What is Cullen Skink?
Cullen skink is a thick Scottish soup traditionally made of smoked haddock (preferably undyed), potatoes and onions and takes its name from the town of Cullen in Moray, on the northeast coast of Scotland.
Various recipes for Cullen skink exists and chefs and cooks from around Scotland and the world have put their own spin on the recipe to make their own distinct versions.
This includes the use of milk instead of water or the addition of single cream. Other variations include mashing the potatoes to make the soup thicker.
Cullen skink is seen to be generally smokier than its American cousin, chowder, and heartier than the classical French bisque.
In 2012 a Guardian columnist described the dish as “the milky fish soup which has surely replaced your haggises and porridges as Scotland’s signature dish”.
Traditionally, Cullen Skink referred to a type of broth made with the scrapings of beef from the front legs of cattle with Skink being a Scots word for a shin, knuckle, or hough of beef.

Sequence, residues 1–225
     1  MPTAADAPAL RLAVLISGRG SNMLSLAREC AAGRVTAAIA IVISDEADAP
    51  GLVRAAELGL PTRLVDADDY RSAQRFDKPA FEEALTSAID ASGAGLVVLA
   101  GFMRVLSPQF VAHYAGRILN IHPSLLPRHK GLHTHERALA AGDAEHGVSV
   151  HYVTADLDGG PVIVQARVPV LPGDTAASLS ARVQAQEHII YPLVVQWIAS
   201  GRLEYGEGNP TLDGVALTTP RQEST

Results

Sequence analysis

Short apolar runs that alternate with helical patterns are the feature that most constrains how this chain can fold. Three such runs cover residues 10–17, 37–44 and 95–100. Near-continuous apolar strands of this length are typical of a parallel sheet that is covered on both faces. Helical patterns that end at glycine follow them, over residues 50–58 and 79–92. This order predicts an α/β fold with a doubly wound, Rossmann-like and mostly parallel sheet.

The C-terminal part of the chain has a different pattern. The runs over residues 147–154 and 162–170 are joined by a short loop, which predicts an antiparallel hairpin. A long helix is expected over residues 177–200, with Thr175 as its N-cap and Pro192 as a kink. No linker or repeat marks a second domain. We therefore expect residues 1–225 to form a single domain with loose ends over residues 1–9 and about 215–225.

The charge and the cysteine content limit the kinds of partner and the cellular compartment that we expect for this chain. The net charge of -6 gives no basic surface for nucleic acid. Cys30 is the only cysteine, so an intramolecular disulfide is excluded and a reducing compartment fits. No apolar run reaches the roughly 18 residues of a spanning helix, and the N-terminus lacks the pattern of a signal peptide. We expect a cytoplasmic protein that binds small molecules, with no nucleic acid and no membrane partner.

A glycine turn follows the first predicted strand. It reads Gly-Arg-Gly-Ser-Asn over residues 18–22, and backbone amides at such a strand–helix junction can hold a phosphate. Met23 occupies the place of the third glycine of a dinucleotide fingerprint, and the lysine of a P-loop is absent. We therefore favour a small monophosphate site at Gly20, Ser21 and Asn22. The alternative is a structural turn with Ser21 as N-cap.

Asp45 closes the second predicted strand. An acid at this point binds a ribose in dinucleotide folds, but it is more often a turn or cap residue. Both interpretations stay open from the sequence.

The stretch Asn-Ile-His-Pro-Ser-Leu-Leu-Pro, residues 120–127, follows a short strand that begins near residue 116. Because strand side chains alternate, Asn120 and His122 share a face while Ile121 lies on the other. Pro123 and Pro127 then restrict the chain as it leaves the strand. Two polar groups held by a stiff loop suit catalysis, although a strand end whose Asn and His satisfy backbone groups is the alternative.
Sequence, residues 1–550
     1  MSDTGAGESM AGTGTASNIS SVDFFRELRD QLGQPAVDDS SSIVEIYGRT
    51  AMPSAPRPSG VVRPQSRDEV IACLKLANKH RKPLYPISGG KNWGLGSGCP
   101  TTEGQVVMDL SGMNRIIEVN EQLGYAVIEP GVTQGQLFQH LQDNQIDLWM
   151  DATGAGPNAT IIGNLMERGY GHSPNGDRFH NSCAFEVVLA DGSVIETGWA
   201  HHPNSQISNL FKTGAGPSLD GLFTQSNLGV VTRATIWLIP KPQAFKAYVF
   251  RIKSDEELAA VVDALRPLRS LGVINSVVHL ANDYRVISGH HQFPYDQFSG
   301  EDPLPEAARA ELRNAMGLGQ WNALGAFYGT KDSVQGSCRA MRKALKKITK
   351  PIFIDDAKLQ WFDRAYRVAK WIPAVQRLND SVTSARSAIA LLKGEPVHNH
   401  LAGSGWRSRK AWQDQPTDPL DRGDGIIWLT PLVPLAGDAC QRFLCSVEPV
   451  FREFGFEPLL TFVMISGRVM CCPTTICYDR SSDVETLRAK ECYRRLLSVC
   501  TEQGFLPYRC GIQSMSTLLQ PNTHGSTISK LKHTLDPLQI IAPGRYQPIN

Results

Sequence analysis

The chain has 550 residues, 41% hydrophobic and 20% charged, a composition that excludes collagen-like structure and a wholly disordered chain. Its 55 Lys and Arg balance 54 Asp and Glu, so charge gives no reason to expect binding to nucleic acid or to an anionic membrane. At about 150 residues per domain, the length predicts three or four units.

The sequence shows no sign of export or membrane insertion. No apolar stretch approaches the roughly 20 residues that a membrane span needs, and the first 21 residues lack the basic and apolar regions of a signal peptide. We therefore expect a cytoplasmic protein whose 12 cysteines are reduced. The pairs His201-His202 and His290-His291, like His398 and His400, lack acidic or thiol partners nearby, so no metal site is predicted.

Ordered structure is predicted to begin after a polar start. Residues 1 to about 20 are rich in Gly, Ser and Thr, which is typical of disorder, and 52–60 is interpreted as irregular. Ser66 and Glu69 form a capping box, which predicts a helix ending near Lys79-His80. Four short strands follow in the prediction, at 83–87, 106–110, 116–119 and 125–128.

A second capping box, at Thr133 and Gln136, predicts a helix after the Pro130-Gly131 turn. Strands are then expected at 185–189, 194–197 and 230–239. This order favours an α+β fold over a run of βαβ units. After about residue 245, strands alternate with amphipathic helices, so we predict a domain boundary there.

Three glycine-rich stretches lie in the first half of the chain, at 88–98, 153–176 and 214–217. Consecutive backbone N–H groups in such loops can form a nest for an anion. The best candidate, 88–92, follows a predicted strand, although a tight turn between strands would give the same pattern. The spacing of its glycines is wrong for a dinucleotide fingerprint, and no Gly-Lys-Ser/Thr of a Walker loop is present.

With fish being more readily available in the late Nineteenth century the meat was replaced by fish as Cullen and the Moray Firth coast had become the thriving centre of herring fishing and Cullen also specialised in the production of smoked haddock.
With many families in the local villages having a fishing background, they turned to smoked haddock which was in plentiful supply. By using smoked haddock and various other products all put together, a distinctive delicious soup was made.
Hence Cullen Skink was born.
In January 1999 BBC2 sent a team from their popular Food and Drink programme, accompanied by presenter Michael Barry, to film a Cullen Skink competition by local housewives. Five ladies were duly selected and the television cameras rolled into the kitchens of the Seafield Arms Hotel. After much deliberation and tasting, the panel of judges chose Mrs Mary Addison as the winner and she was crowned the “Queen of Cullen Skink”.